Erica Dorn |Transition Design Doctoral Candidate, Carnegie Mellon University | Dissertation Proposal | May 2020

Photo collage by Ken Kinoshita


Places, like people, move; they are made up of constellating material and human trajectories that are in constant motion and relationship with other places. But this understanding of place is mostly absent from formulas for designing sustainable and equitable futures. Instead, calls for relocalization as a means to mend the effects of globalization can often perpetuate systemic inequity through isolationism. This research develops and advocates for an understanding of places as relational and locomotive, and develops design processes that can better distribute wealth, in its many forms, amongst places.



Humans are distance-enabled and in constant exchange through physical and virtual…

A Multi-Level Perspective covering the ‘wicked problem’ of homelessness in Pittsburgh (and in an era of COVID-19).

Transition Design Seminar, Carnegie Mellon University
a. Sánchez, Erica Dorn, Xuehui Zhang, and Sanika Sahasrabuddhe


In this post we explore the wicked problem of Homelessness in Pittsburgh through a Multi-Level Perspective Mapping process (MLP). The MLP is a framework for looking at longer time horizons and the various levels in which events take place and move up and down systems-levels to affect transitions. The MLP Framework outlines three levels where events occur — the micro level of Niche, the meso level of Regime…

Understanding the wicked problem and stakeholder relationships of homelessness in Pittsburgh

Transition Design Seminar, Carnegie Mellon University
Team Emergence:
Xuehui Zhang, Sanika Sahasrabuddhe, a. Sánchez, Erica Dorn (Assignment 1a+1b)

Homelessness affects us all

Homelessness — Framing the Problem

Homelessness is on the rise in the United States, 500,000 people living on the streets is considered a low estimate. Pittsburgh’s share of the homeless population may at first seem insignificant compared to cities like San Francisco, or D.C., however it is estimated that in this city of 300,000 residents, there is an estimated 750 homeless residents in Pittsburgh.

The roots of homelessness in Pittsburgh are connected to cycles of mass…

+Imaginative Labyrinth as Homing Device

Humans are increasingly displaced and distance-enabled. Without a sense of connection, knowledge, and commitment to geographically-bound places over longer periods of time, we design out of context and relationship, abstracted from the direct experience and consequences of our actions.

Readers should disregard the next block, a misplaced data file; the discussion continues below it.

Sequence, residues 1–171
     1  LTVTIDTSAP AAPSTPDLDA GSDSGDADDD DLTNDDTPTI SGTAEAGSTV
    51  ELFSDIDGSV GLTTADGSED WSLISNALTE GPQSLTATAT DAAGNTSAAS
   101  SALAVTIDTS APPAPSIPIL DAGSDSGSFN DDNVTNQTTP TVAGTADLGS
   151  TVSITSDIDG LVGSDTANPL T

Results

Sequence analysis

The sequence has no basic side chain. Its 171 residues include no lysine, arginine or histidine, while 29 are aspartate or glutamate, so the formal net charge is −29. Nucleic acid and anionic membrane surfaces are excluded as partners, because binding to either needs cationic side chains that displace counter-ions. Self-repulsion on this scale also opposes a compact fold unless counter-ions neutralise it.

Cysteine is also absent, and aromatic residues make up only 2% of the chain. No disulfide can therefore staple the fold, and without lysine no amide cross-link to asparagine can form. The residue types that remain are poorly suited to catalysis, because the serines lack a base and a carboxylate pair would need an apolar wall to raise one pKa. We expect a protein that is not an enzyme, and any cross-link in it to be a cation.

Design for social innovation often seeks to make systems-level change towards more sustainable and equitable futures. However, longevity and embeddedness in a place is often absent and projects are left un-stewarded towards their long-term intended aims. …

Recently on WNYC, I heard that if we totaled the global debt, accumulated by all people and countries and divided it by all humans on earth, we’d each be in debt by about $85,000. It occurs to me that, this amount of debt may well be equivalent to the level of extraction and debt we have accrued with Mother Earth. However unequally amassed the debt may be, all species are paying the costs.

Humans have been part of an extractive human paradigm that has flourished and accelerated the depletion of our planet, this began roughly 10,000 years ago during the…

Reflections on designing and developing a bioregional learning community

How can a reimagined business education contribute to the regeneration and equity of our places? What are the skills, wisdom, and connections needed for humans on earth today?

The following are some of my process reflections after designing and facilitating an alternative business education program, as a bioregional learning community in New York’s Hudson Valley. I wrote these after a 3+ year journey serving as Managing Director of the Good Work Institute and before leaving on a cross-country bike trip. …

Ideas and Approaches for Developing an Intergenerational Community of Practice

Donna Schaper and Erica Dorn at Good Work Institute

I gravitate towards elders. I crave the way time seems to slow down in their presence, I notice that there is less to prove and more to learn. And that because of society’s obsession with glamorizing youthfulness, many generations are missing out on one of the greatest gifts, the ability to be in a intergenerational community that honors and values all of the ages.

This post shares some ideas and approaches for how to begin an intergenerational community of practice, a community that engages in work together in your place…

Erica Dorn

Erica is social choreographer and doctoral student in Transition Design at CMU— she locates with her itinerate play about Last Chance, CO.

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